The Mercedes C-Class saloon is an executive car that goes up against other premium German offerings like the Audi A4 and BMW 3 Series. While buyers at this end of the market were once limited to German cars, the Japanese Lexus IS and British Jaguar XE offer a greater breadth of choice today, although the C-Class still makes a good case for itself.
While the C-Class is more expensive than many of its competitors, the allure of Mercedes’ brand image remains very strong. This, combined with a luxurious interior and excellent standard equipment, will be all the justification many need to choose the C-Class over its rivals.
Inside, there's a sense that you’re getting a scaled-down version of the uber-luxurious Mercedes S-Class saloon, and to an extent, that's the case – assuming you’re happy to spend some money on options. The C-Class is also available with some genuinely smart technology such as adaptive cruise control (which will match the speed of the car in front) and a self-parking system. If you’re after serious performance, there's also the extremely swift (and expensive) Mercedes-AMG C63, which competes with the BMW M3 saloon.
Aside from the C63 and C43, the C-Class is offered with a range of efficient petrol and diesel engines. If you’re after a traditional petrol, your only choice is the 2.0-litre C200. This can return 53.3mpg and costs £110 a year to tax, while a 0-62mph time of just 7.3 seconds means it certainly feels sprightly enough.
There's also the C300h diesel-electric hybrid and C350e plug-in hybrid, which uses a petrol engine in conjunction with an electric motor. The C300h can return 74.3mpg, while the plug-in hybrid C350e manages a claimed 134.5mpg and emits just 48g/km of CO2. These models both cost roughly £10,000 more than the standard C200, though, and many drivers will struggle to match those economy figures in the real world. In truth, if you’re after efficiency, choosing a diesel engine is the best option, and most C-Class customers do so.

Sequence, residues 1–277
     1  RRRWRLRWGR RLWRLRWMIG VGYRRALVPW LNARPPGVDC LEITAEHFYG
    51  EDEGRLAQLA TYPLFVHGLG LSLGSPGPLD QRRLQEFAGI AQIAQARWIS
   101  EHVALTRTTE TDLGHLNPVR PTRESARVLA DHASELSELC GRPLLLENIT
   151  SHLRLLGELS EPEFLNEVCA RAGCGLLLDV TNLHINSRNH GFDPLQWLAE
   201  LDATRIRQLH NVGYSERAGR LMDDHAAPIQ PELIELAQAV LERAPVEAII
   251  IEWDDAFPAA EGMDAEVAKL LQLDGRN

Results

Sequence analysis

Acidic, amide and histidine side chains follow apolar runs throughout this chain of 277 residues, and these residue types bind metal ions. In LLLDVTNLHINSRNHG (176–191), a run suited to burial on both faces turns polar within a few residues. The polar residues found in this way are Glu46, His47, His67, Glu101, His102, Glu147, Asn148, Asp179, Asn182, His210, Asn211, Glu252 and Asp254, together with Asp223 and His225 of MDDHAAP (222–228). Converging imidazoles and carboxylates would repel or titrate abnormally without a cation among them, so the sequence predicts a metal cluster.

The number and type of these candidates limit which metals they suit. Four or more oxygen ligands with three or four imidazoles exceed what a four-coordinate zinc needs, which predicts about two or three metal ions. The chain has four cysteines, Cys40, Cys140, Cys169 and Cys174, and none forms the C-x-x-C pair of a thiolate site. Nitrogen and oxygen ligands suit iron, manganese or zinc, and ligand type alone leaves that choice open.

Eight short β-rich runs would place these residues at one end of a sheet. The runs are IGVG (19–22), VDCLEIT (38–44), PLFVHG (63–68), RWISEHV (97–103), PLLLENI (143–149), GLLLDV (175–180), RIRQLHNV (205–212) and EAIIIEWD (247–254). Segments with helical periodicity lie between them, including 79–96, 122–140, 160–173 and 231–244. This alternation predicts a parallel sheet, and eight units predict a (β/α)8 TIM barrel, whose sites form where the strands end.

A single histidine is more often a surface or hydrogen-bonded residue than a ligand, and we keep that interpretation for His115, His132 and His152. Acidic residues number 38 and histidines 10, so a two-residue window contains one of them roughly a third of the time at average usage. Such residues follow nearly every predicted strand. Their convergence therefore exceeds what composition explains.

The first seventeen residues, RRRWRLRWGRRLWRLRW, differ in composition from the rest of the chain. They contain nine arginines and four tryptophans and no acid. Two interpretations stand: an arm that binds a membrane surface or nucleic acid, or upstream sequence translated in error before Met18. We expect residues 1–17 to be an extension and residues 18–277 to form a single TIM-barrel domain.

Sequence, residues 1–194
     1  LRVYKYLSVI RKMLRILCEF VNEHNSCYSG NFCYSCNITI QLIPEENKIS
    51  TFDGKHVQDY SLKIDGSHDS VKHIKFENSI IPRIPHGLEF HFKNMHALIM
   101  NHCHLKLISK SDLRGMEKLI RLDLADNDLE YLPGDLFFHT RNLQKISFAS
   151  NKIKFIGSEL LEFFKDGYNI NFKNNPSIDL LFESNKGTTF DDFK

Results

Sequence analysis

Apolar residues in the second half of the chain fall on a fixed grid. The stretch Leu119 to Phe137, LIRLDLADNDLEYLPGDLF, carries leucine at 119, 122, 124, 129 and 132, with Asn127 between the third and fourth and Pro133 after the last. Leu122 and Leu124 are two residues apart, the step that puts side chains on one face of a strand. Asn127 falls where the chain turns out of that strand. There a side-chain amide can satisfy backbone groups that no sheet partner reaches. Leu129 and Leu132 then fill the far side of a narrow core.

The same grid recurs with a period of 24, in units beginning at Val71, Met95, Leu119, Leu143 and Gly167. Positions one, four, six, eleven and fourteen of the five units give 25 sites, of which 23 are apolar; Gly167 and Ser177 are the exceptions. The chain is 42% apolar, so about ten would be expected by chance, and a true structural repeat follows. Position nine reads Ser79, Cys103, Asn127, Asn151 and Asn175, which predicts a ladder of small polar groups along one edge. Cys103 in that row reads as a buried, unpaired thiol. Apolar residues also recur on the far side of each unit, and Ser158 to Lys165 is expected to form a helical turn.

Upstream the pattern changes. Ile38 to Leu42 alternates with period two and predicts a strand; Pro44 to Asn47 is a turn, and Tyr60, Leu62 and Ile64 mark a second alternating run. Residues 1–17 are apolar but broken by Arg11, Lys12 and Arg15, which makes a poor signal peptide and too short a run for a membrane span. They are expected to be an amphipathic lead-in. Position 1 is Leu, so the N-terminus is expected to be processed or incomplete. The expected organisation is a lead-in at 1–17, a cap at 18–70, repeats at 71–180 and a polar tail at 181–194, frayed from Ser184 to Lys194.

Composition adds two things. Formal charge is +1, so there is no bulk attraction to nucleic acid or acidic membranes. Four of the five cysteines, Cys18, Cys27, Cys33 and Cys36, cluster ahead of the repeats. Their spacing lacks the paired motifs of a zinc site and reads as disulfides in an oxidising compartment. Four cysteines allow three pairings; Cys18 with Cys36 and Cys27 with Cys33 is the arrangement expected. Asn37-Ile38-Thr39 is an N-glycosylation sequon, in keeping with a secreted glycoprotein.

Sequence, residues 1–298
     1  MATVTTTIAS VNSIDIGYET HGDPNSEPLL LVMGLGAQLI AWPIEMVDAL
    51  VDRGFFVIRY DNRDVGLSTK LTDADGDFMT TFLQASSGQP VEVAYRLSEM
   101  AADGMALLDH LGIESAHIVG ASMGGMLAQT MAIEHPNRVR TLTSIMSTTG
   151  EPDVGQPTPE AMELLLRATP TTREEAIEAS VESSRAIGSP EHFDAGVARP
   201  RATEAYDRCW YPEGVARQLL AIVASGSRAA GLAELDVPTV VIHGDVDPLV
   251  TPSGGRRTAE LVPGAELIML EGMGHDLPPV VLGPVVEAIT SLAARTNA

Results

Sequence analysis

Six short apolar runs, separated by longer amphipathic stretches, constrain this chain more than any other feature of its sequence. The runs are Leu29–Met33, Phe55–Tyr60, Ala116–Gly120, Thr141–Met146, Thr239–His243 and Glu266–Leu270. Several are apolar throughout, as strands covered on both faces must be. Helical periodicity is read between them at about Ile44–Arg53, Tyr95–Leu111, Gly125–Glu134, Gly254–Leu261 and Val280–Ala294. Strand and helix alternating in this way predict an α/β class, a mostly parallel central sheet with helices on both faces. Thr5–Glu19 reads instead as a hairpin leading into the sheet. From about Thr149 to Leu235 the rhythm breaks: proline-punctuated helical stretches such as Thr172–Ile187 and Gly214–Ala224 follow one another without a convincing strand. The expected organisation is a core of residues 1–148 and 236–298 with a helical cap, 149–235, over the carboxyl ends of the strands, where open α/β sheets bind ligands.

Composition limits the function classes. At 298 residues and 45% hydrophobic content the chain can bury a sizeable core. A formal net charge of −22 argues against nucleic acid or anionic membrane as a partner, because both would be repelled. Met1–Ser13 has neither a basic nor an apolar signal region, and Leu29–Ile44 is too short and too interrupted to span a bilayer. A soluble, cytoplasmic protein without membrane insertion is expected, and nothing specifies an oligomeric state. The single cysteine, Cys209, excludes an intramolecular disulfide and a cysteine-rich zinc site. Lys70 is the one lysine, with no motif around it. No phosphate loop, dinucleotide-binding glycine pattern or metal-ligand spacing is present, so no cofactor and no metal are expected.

There are four diesels available, ranging from the 134bhp 1.6-litre C200d to the 2.2-litre 204bhp C250d. We recommend the mid-range C220d diesel, as its 170bhp takes it from 0-62mph in 7.7 seconds, while fuel economy of 70.6mpg and a £20 annual road-tax bill impress. The less powerful petrols and diesels are available in either manual or automatic guise, but as you rise up through the C-Class range Mercedes’ seven-speed automatic gearbox becomes standard. If you go for a C220d or C250d, you can now opt for Mercedes' 4MATIC four-wheel drive system for the first time, too.
On the road, the C-Class sacrifices little in the way of driver enjoyment in its pursuit of luxury and comfort. It feels agile in corners, with accurate steering that provides plenty of ‘feel’ through the wheel. A choice of four driving modes means you can set up the C-Class depending on whether you want comfortable cruising or a more spirited driving experience.
The C-Class has comfortable suspension as standard, but the optional air suspension smooths out all but the largest of potholes. Sportier models come with stiffened suspension and we recommend checking you’re happy with this setup, as it can make the C-Class a little uncomfortable over poor road surfaces.
The only downside to the C-Class’ driving experience is the noise from the diesel engines. They sound slightly coarse and their pronounced clatter detracts somewhat from the overall sense of comfort and luxury.
Inside, the C-Class’ well built interior manages to blend modern design with Mercedes’ traditional class and comfort. While it's a lovely place to sit and front passengers have plenty of space, those in the rear may wish for more: the rear footwells are cramped and the sloping roofline eats into rear headroom.
Mercedes offers the C-Class in three core trim levels: SE, Sport and AMG Line, with enhanced versions of each denoted by Executive, Premium and Premium Plus badges. Even the entry-level SE is well equipped, coming with alloy wheels, a reversing camera, cruise control, DAB radio, a seven-inch display and powered lumbar adjustment for the driver and front-passenger seats.
Aside from the noisy diesel engines, the Mercedes C-Class should be an enjoyable car to own, with a 42nd-place finish out of 200 cars in our latest 2015 Driver power customer satisfaction survey. The only caveat to that result is that the C-Class came 189th in terms of outright reliability; so an extended warranty is worth considering. There are no such qualms over safety, however, thanks to the C-Class’ five-star safety rating from Euro NCAP.